“By paying in cash you’ll save some money and it also gives you a position of strength when you negotiate that this is going to be a cash offer,” says Sharpley.
Any money you bring in must be properly identified and transferred legally.
Other financial considerations are exchange rate fluctuations. It’s worth checking out specialist currency companies to see if they offer better exchange rates.
And lastly, each country will have its own set of additional costs such as stamp duty, taxes, and local fees. So be prepared for the extras.
8) Tax considerations
If you plan on renting out your vacation villa, then you have to take into consideration both the tax implications abroad and in Canada. It’s important to check out the inheritance and capital gains tax laws of the country in which you are buying. Bear in mind that you may be required to make a separate will. Your best bet is to seek specialist tax advice from a Canadian international tax expert.
9) Ongoing costs
Don’t forget to factor in the ongoing costs with international real estate investment. If you plan to rent it out you may need to pay property management fees, utility fees, maintenance costs, insurance, marketing costs, and local taxes. Also take into account periods when you may not have renters, such as the low season.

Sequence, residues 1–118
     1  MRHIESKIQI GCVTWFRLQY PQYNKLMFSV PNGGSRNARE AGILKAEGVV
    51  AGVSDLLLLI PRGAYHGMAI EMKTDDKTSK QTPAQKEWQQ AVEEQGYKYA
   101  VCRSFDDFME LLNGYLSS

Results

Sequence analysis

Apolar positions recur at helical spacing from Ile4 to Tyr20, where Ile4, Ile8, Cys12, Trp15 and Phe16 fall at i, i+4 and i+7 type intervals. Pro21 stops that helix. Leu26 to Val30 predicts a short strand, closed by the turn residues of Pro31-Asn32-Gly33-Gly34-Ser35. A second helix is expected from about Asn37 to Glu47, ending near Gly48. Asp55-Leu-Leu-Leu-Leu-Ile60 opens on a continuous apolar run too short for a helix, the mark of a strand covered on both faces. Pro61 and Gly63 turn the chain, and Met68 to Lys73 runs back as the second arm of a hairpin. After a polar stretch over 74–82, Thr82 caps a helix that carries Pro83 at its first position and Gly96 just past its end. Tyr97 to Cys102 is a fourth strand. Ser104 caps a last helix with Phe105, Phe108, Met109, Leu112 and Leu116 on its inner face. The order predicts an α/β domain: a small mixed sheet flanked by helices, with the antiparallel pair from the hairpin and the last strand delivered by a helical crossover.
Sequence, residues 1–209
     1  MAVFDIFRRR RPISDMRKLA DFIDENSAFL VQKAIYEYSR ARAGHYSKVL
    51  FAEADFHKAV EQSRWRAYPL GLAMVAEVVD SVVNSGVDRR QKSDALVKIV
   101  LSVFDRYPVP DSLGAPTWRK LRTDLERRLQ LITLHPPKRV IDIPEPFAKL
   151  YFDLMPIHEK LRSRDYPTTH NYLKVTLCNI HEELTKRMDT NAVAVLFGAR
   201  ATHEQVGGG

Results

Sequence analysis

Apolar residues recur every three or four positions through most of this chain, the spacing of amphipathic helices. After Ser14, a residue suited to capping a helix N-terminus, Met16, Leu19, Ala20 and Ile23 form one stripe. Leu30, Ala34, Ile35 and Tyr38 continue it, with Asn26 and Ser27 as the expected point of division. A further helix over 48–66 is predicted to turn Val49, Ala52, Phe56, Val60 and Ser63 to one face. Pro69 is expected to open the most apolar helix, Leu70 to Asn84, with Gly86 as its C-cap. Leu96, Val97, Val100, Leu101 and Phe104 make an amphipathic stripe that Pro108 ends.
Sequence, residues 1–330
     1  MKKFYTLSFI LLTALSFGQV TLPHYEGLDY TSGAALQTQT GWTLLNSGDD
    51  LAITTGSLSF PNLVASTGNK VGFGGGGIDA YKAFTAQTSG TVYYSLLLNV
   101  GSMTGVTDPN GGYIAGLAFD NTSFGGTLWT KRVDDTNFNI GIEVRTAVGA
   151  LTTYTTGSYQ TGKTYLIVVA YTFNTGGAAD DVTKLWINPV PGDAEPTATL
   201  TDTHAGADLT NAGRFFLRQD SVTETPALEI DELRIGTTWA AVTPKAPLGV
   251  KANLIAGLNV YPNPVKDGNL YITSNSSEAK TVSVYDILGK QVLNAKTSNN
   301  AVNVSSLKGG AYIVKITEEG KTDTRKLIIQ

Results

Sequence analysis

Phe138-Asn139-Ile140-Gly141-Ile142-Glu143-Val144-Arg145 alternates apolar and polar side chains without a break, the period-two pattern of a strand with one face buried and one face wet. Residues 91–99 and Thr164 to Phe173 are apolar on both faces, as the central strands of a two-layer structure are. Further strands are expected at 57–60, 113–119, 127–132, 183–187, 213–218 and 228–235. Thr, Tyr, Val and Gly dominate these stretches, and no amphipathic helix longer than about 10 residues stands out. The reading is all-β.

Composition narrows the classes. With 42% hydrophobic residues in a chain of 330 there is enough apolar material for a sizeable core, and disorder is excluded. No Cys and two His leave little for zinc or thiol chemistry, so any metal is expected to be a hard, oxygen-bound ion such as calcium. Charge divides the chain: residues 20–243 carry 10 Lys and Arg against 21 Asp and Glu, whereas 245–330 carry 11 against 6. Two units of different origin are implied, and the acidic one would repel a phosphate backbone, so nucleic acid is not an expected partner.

If everything goes to plan, one day you’ll sell your property for a profit. Selling your property when it’s performing at its best will help you get your money back, but that’s easier said than done. At the very least, have all your legal documents ready and make sure there are no liabilities or other issues affecting the property, so when it comes time to selling the property you can do so quickly and with no surprises.
From Canadian Real Estate Wealth Magazine, a monthly publication focused on building value through property investment, covering topics such as values and trends, mortgages, investment strategies, surveys of regional markets and general tips for buyers and sellers.